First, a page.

Encyclopedia of Religion
Roman Religion: The Early Period
Encyclopedia of Religion
Ed. Lindsay Jones. Vol. 12. 2nd ed. Detroit: Macmillan Reference USA, 2005. p7892-7911. COPYRIGHT 2005 Gale, Cengage Learning
Robert Schilling and Jörg Rüpke Save Article
ROMAN RELIGION: THE EARLY PERIOD
HISTORY OF SCHOLARSHIP
Although Roman religious institutions had been studied earlier (by, for example, Barnabé Brissonius, 1583), the differentiation between Greek and Roman religion within antique "heathendom" or "polytheism" was the work of nineteenth-century scholars. ConcentratingPage 7893 | Top of Article on literary sources and on origins as described by ancient historiographers and critically reviewed by contemporary historians, the studies by J. A. Hartung (1836), Rudolph H. Klausen (1839), and J. A. Ambrosch (1839) marked the beginning of a scientific reconstruction of the religion of the city of Rome (and, marginally, of the religions of Italy). Under the impact of the extensive collection of inscriptions and the systematization of Roman law and the Roman "constitution" assembled by Theodor Mommsen (1817–1903), German scholars, especially Georg Wissowa (1859–1931), reconstructed authentic Roman religion as a body of sacral law and conservative ritualism informed by legal conceptions of deities. The Roman calendar, projected into the regal period as a document of early systematization, and the lost "books of the priests" (libri sacerdotum), transmitted in occasional antiquarian quotations only, formed the basis of the reconstruction.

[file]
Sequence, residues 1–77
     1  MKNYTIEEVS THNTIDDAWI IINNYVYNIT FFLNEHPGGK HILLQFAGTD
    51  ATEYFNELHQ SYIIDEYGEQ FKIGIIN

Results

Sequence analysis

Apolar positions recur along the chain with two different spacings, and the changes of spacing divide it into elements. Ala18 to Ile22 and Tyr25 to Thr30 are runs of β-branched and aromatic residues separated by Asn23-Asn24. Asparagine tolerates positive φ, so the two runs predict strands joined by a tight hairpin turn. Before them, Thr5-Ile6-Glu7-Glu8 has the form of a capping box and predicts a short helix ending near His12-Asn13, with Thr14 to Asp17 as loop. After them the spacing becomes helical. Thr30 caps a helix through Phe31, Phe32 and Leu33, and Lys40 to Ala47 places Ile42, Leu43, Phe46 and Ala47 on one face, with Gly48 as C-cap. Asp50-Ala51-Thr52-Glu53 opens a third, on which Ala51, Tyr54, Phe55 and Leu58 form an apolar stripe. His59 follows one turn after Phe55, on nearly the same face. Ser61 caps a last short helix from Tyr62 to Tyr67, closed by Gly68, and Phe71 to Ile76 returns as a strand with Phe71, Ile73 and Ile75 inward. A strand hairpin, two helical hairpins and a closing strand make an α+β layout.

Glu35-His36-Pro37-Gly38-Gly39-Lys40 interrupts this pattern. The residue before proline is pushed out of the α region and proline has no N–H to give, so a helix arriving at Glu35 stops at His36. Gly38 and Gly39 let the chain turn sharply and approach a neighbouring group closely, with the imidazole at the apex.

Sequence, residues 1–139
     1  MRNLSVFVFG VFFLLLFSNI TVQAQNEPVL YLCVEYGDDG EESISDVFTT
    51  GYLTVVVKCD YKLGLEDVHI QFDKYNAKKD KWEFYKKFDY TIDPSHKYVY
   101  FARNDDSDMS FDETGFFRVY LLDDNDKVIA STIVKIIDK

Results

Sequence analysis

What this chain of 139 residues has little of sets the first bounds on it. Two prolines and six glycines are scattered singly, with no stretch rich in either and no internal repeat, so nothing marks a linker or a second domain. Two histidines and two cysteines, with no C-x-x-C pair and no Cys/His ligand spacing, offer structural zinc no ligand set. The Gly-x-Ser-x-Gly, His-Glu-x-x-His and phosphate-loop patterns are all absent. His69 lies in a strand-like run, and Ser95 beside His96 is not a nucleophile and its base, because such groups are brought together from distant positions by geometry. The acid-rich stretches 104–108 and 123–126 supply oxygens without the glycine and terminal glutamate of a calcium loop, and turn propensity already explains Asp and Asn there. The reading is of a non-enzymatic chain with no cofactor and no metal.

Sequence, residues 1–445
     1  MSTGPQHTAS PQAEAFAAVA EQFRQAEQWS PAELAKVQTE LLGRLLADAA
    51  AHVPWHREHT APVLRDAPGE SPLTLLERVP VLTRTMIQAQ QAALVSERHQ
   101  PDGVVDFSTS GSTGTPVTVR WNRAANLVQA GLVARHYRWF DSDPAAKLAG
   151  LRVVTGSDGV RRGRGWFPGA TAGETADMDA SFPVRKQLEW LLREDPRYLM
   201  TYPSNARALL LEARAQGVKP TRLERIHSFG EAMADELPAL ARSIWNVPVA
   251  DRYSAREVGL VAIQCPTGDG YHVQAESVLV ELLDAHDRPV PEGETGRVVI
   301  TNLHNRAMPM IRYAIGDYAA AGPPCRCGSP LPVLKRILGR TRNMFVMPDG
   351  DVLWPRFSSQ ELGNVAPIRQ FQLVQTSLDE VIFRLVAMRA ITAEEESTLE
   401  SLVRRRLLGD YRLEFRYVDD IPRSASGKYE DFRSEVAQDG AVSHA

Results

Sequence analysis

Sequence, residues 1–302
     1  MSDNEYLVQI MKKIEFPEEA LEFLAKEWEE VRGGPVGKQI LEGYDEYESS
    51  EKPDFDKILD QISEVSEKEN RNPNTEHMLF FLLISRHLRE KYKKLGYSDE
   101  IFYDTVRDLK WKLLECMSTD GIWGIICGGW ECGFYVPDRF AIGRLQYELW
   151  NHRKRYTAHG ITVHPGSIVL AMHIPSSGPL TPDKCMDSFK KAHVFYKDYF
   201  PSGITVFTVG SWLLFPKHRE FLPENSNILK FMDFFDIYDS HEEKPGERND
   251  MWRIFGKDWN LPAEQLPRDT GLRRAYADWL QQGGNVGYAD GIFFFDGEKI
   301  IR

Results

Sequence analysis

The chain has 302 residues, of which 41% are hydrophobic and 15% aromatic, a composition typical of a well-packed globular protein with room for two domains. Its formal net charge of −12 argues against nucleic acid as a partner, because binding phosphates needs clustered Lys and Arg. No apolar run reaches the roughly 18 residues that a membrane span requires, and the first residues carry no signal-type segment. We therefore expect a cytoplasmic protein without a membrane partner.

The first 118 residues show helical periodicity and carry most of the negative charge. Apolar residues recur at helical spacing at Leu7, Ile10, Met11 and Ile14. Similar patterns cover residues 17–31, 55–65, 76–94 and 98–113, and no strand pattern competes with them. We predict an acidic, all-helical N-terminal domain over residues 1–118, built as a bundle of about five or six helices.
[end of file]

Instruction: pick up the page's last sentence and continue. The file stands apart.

Wissowa's handbook (1902/1912), with its detailed account of deities, temples, and rituals, dominated factual research in the twentieth century. Less successful were the more experiential or expressive interpretations of Roman rituals (e.g., Fowler, 1899 and 1911) and the attempts of Hermann Usener's school and James George Frazer to elucidate these rituals by ethnographic comparison, opening classical material to late-nineteenth-century evolutionary schemes (late resonances in Bailey  and Wagenvoort ). Drawing on comparative linguistics and mythology, Georges Dumézil interpreted Roman deities within an Indo-European framework of three basic "functions" (sovereignty, warfare, and agriculture). Dumézil's impact remained limited, but his attention to a mythology present in the guise of Roman historiography re-enlarged the objects of studies.
The quest for origins and "Wesen" (spiritiual substance) led to a neglect of the interaction with Hellenic culture (an important exception was Altheim, 1930), visible already in the archaeology of early Rome (Foro Boario), and with Italian religions that were increasingly subjected to Roman domination and increasingly present in Rome. Thus the reinterpretation of public Roman religion within the framework of a more skeptical and more sociological image of the history of Roman political institutions (see Beard et al., 1998) must be supplemented by intensified research in Italian imagery and architecture (e.g., Wiseman, 1995, 2000; Coarelli, 1987), as well as a new look at late republican literature (e.g., Feeney, 1998; Barchiesi, Rüpke, and Stevens, 2004) and extra-urban inscriptions.
Any attempt at a historical reconstruction of republican Roman religion has to rely on a critical reading of early Augustan historiography (late first century BCE). With a few